But she's still easy pickings for the fast-talking, guitar-playing, dice-throwing "Tea Cake". He sweeps her off her feet, taking her (and her money) off to the swampy Everglades. Their wedded bliss is soon interrupted by a massive hurricane. Their efforts to escape the storm seem successful, but Tea Cake is… well, no spoilers, but there's some courtroom drama as Janie goes on trial for murder.

One of the barriers to enjoying the book was its unapologetic and relentless use of black dialect. ("What dat ole forty year ole 'oman doin' wid her hair swingin' down her back lak some young gal?") Note: Hurston was a trained anthropologist and it's a safe bet this is accurate and honest.

And I couldn't help but notice a precursor to modern "Yo mama's so fat" jokes: the "Yo mule's so skinny" jokes (Chapter 6).

Last Modified 2024-01-10 5:47 AM EST

Another Weasel Word For "Lie"…

… helpfully translated at Twitchy: Another 'embellishment' from President Biden: this time he's lying about his support of gay marriage. Sample rebuttal tweet:

Were Trump's lies ever described as gingerly by the Washington Post's Glenn Kessler as this, from August:

But throughout his career — most famously in his first presidential campaign, in the 1988 election cycle — Biden’s propensity to exaggerate or embellish tales about his life led to doubts about his truthfulness.

Ya think, Glenn?

Anyway, it's Sunday, so it's time to look at the oddsmakers:

Candidate EBO Win
Donald Trump 34.4% -0.2%
Joe Biden 33.1% +0.3%
Gavin Newsom 6.5% +0.1%
Michelle Obama 4.7% -0.6%
Robert Kennedy Jr 4.3% unch
Nikki Haley 3.9% +0.6%
Ron DeSantis 3.8% +0.4%
Kamala Harris 2.1% ---
Other 7.2% -2.7%

Well, Kamala's back in the table, surpassing our 2% inclusion threshold.

I can imagine a track announcer calling this horse race: "Bone Spurs is holding onto a slim lead, but Wheezy is making a strong charge. Snake Oil is far behind, with Ma Belle, Famous Dad, Underestimated, and Overrated well back in the pack. Word Salad brings up the rear, with a really poor performance."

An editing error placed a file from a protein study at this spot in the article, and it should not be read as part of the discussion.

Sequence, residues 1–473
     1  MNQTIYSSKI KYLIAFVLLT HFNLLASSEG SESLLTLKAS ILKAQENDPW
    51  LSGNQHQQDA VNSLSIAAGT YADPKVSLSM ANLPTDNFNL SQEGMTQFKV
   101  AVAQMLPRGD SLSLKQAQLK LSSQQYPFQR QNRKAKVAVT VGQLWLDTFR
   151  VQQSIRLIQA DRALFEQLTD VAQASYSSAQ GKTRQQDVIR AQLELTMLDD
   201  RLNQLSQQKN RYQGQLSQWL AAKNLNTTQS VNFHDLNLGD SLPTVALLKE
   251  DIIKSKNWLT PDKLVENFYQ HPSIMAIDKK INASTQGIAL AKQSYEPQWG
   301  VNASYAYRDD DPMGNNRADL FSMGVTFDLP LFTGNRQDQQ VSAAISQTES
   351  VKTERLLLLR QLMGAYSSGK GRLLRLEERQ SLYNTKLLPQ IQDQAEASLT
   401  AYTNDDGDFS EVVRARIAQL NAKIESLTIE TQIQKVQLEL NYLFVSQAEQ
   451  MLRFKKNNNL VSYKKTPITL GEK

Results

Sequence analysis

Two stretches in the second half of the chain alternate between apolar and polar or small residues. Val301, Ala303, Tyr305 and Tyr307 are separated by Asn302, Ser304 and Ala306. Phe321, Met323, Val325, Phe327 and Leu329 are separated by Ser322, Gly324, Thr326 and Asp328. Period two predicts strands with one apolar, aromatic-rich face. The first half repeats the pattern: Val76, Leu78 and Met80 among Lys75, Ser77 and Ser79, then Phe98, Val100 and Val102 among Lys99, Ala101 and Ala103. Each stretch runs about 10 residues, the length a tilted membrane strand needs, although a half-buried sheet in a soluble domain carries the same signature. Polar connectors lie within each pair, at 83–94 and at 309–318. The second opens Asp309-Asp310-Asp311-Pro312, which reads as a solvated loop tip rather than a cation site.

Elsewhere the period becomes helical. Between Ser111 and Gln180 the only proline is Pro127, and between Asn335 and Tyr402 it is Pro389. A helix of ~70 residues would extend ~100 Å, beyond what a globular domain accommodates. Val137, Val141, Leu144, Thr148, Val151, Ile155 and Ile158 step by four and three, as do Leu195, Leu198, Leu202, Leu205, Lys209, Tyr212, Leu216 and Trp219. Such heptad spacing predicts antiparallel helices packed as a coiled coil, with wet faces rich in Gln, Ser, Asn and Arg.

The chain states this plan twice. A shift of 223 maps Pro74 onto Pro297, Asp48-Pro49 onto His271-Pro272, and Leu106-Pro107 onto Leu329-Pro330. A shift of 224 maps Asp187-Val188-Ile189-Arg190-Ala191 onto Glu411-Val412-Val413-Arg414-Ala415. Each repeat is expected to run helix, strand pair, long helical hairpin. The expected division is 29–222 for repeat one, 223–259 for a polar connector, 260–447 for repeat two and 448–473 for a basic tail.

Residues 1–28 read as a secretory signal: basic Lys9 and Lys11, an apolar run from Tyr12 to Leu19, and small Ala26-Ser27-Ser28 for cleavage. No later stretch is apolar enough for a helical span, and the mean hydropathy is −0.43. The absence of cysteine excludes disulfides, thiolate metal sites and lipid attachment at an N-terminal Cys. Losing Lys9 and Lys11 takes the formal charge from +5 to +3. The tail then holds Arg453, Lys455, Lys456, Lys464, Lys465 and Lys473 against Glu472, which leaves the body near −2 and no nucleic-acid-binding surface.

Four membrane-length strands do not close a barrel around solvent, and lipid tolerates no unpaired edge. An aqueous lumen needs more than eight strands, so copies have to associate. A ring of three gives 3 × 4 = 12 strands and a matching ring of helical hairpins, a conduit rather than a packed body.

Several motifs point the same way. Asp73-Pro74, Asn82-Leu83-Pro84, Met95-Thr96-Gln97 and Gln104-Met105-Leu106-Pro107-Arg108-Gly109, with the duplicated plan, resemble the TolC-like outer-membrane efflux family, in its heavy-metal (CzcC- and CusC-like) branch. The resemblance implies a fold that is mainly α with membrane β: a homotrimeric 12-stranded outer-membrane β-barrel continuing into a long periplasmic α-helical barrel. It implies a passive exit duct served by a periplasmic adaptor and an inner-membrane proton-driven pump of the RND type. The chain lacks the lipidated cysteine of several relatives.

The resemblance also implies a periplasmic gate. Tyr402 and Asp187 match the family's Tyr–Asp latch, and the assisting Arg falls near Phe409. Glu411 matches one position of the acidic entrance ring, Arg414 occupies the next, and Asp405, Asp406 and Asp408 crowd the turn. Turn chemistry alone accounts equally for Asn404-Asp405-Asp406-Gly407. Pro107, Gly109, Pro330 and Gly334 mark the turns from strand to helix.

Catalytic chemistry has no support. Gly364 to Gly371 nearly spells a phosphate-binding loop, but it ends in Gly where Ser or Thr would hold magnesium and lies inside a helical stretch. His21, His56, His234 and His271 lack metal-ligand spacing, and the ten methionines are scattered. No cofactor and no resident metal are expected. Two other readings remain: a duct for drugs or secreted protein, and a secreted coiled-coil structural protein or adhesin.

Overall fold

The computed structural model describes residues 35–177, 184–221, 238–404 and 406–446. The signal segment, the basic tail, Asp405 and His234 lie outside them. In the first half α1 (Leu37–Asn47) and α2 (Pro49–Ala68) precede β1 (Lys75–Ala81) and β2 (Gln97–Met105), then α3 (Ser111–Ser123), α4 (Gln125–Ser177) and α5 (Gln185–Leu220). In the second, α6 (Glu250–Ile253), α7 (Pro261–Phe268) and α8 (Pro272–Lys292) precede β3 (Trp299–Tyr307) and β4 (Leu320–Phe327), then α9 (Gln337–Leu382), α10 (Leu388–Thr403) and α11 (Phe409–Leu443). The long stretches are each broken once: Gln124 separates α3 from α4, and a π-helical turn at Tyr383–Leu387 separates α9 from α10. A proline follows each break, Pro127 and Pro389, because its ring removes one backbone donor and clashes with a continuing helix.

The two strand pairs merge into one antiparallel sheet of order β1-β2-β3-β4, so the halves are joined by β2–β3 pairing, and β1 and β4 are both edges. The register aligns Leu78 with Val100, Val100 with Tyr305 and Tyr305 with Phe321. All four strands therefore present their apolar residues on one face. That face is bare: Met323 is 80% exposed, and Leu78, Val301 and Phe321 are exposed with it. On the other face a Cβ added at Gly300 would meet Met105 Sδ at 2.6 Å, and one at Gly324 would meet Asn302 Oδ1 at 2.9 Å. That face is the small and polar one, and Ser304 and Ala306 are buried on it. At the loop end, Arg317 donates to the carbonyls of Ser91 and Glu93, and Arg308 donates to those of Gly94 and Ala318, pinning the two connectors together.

Also of note:

  • Turn off the burner. Time was unkind to this article from Portsmouth NH-based Caroline McCaughey in the New York Sun: As RFK Jr. Readies an Announcement Monday, Speculation Is Simmering Over Whether He Could Find a Path Forward Via the Libertarian Party. There's plenty of cold water to be sprinkled:

    Mr. Kennedy is adept at appealing to libertarian crowds, promising to pardon Julian Assange and saying he won’t take people’s guns away. His platform, though, is not libertarian. He may be anti-interventionist and anti-war, advocating for “unwinding empire” and for withdrawing “our troops and nuclear-capable missiles from Russia’s borders.” He might be for pushback against big tech censorship and vaccine mandates in a way that aligns with the Libertarian Party.

    Mr. Kennedy’s economic and environmental policies, though, do not. Mr. Kennedy supports raising the minimum wage to $15 an hour and recently proposed locking home mortgage rates at three percent with tax-free bonds to “make home ownership affordable” — both policies the Libertarian Party rejects.

    Mr. Kennedy has also railed against free trade, which is a foundational principle of libertarianism. He supports a ban on fracking and has equivocated on nuclear energy, while the Libertarian Party’s platform says its members “oppose all government control of energy pricing, allocation, and production.”

    Mr. Kennedy says he is “not going to take people’s guns away,” but he’s also said he would support a bipartisan assault weapons ban. The latter statement riled many Libertarians.

    And this small-l libertarian is pretty riled too. (For that matter, I think his foreign policy is full of shit and would be a recipe for quick disaster.)

  • Post-announcement analysis from Michael Graham at NHJournal: RFK Jr. To Run for POTUS as an Independent. The amusing bit is how quickly our local Dems can turn on ya:

    When Robert F. Kennedy, Jr. came to the New Hampshire Institute of Politics in March, state Democratic Party chairman Ray Buckley was there to greet him in the front row, along with state Senate Democratic leader Donna Soucy and Sen. Lou D’Allesandro. RFK, Jr. even gave them all a shoutout from on stage.

    But when Kennedy stood before thousands of supporters on the lawn of Independence Hall in Philadelphia Monday to announce he was running for president as an independent, Buckley’s attitude was very different.